Bryan Thompson says
Fantastic interview, Joanna. I struggle with morning writing, but it is usually when I get my best writing in. I was always the night owl for years. Little kids who wake up at 5 changed that, and now I am having to change my attitude toward early morning.
Thank you for the interview. As always, great job!
Joanna Penn says
I’m glad you enjoyed it Bryan – I’m an early morning person, definitely. However , it was easier in Australia with the sun up so early. Here in Britain it’s dark for much longer so it’s hard to get started!
Steven Carpenter says
I wrote the majority of my novel in the morning before work, and now that the novel is done, I’m writing blog posts . It has taken me a good 6 months to get used to getting up that early, but my brain is too tired by the end of a full work day to get any quality writing in. I heard this quote in terms of finances, but I like to apply it here, “Pay yourself first.” And I do that by writing first thing in the morning.
I perked up when I heard Michael Sullivan say he started out as an illustrator. I’d like to hear more about that, and if he’s ever considered merging his two skill sets as that is what I’m doing.
I spend my evenings painting and illustrating my novel. I have about 15 finished paintings to go along with it, but recently decided to illustrate the whole thing (similar to a graphic novel, but without any text bubbles on the pictures – kinda like a storybook for adults). I finished my first fully painted page yesterday. I have many more to go. After listening to your podcast with Sean Platt, I’m thinking of releasing the first novel in my planned trilogy as a serial novel in five parts so I can get something out there before the end of 2012.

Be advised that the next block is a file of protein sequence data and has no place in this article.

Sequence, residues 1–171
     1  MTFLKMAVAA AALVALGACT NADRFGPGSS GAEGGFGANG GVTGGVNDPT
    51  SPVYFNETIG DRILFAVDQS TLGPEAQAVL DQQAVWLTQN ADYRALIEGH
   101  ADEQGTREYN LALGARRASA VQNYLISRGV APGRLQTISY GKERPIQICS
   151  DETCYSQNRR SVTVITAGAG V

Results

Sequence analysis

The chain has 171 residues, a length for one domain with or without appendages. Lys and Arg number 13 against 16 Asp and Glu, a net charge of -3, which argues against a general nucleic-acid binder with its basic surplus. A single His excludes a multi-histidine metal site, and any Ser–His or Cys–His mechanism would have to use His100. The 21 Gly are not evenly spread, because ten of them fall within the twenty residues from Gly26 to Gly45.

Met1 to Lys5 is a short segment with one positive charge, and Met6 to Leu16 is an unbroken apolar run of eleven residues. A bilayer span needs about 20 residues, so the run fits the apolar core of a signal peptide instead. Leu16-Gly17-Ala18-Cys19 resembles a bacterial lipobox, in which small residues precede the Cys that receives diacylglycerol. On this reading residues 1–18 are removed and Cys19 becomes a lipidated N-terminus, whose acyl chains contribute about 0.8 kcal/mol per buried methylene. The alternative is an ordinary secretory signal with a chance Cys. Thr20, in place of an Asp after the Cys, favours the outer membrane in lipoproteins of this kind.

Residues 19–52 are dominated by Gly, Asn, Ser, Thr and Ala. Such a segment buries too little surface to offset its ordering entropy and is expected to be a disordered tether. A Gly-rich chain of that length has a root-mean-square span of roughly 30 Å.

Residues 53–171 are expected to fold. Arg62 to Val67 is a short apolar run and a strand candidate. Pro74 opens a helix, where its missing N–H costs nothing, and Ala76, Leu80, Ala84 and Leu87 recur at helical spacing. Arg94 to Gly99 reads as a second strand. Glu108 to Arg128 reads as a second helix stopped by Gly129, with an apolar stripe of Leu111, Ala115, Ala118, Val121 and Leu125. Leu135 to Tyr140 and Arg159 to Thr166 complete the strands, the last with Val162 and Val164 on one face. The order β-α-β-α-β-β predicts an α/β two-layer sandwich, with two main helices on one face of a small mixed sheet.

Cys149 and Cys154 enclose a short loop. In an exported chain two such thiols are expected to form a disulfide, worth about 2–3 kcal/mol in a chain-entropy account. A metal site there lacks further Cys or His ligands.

Ken E Baker says
Thanks for the great interview. Much appreciated. Must say that when it comes to writing hours, I enjoy the late hours, between 22:00 – 02:00. I tend to get a lot done during these times – it’s just as quiet as the early morning, perhaps even quieter, and I think I enjoy that.
You are a very quirky interviewer, by the way 🙂 Please keep them coming…. Have you ever thought of using Google Hangouts?
Joanna Penn says
Thank Ken, I haven’t done Google Plus hangouts yet but they are essentially public and I have private chats with my guests and also edit – so probably not appropriate as yet – but I may well try them soon… I’m glad you think I’m quirky!
I know this is an older podcast but I am working my way through your recordings. I really enjoyed this interview. As a newbie fiction writer I am like a sponge at the moment, absorbing everything. Lots of inspiring info here. Keep up the excellent work. Best wishes Helen
Christie V Powell, author of 'The Spectra Unearthed' says
Interesting interview. I love learning about fantasy and self-publishing, something I’m trying to do myself. Thanks for the encouragement.
I’m neither a morning or an evening person. I have my computer on all day and sneak in minutes here and there whenever I can.